My first friend coached for a long time. He spent 16 years at the same school, 8 as an assistant coach and 8 as the head coach. He took several of those teams to the NCAA Tournament. He was a very good coach, his teams were always prepared, played hard and were difficult to play against. He got caught in a power struggle between 2 administrators and wound up losing his job because of it. That is a scenario that is all too common in college sports. He was out of coaching for about two years, which is a common length of time to regain enthusiasm and I asked him, "Do you miss it? Are you going to try to get back in?" He said he was going to settle into something else. While he would like to coach, he had 2 children in their teens and was near family. One of the hidden factors in coaching is that 99% of the time, when you change jobs, you had to move (I moved 17 times for 7 jobs). He did not want to uproot his kids at this time in their life. He's been out about four years but we still talk basketball and coaching. Earlier this year, he said something really interesting. He had been watching his son practice (who was now a college freshman). There was a new perspective. He said, "I can't believe the things I did intentionally while I was coaching to steal the joy of the game from the kids I was coaching. The 5 am weight training, the 3 hour practices, the running and other punishment for things that were incidental, and all the other things just to exert control over my teams. I never let them feel good about themselves. Laughing was forbidden, just winning wasn't enough and I don't even want to think about what I did when I lost. I don't know how anybody ever played for me." He didn't know any better. He coached the way he was coached. He hated his coach. As most do he said, "If I ever do coach again, it will be a drastically different approach." We continued to talk about how important it was to give kids a positive experience, one that is realistic but positive and let the players take care of the games. Interesting thought.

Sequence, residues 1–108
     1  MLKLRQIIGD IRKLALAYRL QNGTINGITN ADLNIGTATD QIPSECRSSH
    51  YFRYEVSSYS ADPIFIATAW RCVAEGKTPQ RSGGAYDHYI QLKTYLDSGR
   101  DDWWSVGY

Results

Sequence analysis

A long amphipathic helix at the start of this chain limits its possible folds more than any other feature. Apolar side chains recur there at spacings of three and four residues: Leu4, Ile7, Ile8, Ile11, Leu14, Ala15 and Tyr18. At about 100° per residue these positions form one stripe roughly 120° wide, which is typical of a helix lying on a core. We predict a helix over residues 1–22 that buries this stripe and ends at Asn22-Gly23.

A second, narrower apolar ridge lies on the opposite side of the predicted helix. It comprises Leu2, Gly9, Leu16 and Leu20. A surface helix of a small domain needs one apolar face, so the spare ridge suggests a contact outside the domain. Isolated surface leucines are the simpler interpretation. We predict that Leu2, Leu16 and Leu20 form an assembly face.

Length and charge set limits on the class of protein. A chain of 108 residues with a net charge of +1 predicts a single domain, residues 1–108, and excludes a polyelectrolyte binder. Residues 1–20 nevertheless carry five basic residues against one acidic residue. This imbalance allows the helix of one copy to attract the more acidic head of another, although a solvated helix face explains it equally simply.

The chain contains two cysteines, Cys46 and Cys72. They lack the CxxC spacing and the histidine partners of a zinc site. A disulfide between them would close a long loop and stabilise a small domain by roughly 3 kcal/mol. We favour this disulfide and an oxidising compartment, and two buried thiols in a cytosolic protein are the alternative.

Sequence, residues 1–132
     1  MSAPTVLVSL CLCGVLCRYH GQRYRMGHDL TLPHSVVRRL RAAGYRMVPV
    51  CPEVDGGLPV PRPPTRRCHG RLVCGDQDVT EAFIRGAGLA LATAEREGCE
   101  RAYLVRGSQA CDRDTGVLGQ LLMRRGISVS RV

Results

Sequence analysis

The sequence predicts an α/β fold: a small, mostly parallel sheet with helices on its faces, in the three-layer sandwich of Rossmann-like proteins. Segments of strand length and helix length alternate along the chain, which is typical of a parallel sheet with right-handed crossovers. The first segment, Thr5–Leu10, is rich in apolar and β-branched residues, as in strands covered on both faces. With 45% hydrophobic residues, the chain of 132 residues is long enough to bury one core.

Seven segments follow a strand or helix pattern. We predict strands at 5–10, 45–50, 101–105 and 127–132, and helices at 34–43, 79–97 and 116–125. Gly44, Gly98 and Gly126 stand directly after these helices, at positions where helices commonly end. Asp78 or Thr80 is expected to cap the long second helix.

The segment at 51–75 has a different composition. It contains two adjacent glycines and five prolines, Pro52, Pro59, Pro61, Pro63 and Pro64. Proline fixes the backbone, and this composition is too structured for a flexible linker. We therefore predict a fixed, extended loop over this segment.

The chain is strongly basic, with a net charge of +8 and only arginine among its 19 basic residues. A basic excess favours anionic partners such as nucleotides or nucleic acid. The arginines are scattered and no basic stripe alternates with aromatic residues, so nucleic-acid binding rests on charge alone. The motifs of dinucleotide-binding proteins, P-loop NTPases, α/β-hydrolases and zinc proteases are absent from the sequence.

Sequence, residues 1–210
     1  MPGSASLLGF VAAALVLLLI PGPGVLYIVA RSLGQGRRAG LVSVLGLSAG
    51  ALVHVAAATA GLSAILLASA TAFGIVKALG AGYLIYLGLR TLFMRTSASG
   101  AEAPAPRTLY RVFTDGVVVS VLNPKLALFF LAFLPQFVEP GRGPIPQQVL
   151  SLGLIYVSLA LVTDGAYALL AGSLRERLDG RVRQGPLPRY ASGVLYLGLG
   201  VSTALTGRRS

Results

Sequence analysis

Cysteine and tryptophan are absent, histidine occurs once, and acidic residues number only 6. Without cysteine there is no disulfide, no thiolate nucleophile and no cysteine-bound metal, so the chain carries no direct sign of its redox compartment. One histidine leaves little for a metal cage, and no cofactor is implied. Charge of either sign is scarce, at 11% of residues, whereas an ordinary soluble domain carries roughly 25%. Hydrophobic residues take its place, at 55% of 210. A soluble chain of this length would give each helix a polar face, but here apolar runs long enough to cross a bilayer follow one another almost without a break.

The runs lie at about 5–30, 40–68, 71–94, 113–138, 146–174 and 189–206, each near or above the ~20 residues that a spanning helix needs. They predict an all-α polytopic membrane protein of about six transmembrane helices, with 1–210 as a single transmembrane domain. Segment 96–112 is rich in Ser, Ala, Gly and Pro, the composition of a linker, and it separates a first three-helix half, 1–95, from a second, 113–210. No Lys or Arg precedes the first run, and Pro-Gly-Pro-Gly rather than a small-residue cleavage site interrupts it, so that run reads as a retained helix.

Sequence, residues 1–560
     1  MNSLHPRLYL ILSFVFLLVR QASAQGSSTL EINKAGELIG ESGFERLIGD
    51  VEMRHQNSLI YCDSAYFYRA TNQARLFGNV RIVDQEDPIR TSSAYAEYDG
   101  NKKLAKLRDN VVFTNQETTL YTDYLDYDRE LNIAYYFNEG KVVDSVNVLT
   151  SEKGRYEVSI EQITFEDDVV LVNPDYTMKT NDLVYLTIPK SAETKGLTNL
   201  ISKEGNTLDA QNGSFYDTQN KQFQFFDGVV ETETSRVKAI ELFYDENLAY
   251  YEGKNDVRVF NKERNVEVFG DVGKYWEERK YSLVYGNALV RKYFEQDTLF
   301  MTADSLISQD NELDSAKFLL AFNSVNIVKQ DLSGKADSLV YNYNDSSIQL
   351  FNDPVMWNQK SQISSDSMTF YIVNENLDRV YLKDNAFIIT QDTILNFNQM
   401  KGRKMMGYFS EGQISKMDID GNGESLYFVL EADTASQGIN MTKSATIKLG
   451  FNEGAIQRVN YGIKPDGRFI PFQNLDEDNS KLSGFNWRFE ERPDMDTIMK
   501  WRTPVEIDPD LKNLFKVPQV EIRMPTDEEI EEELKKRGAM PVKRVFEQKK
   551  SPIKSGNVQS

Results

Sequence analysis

My second friend has been my best friend since the 4th grade. We went to elementary school together, jr. high and high school as well. We even went to college together. After graduating, I went into coaching and he went to law school. In the last 30 years, I think we had seen each other 4 times. We still talk every week. His family and mine are friendly even though they have never met.

He sent me something the other day that made me think. It was an article by Michael Gartner, who was the President of NBC News. I thought it was too long for this space so I posted it on my website. Here is the link: Left Turns.html

I encourage you to read it. You will get a good laugh and it will certainly give you a different slant on life. It is about his father who lived a long and happy life. A life that he attributed to living on a road less traveled. In his life, the simple things were certainly handled in an unconventional manner.

The purpose of this piece is not to bring you over to my side of the fence. You might not like it here. But it is meant to encourage you to be yourself. Don't be afraid to experiment. If you are not having fun, think of what your players are going through. Solve your own problems the way you are comfortable and by what is effective, not by what you hear others do. Be immune to outside pressures if you believe you are doing a good job (I was once scolded by my boss for not yelling at my players enough - in the middle of a 19 game winning streak). Be strong enough to take the road less traveled, don't make left turns - if that is right for you. Be introspective, react to your players; needs, think about what it would be like to play for you.

Enjoy the game. Enjoy the job. Teach others to enjoy it. Everything else will come in its own time.

To view coaching products from Don Kelbick, go to Don Kelbick Products.

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Bill Brantmeyer says:
12/18/2015 at 8:43:09 PM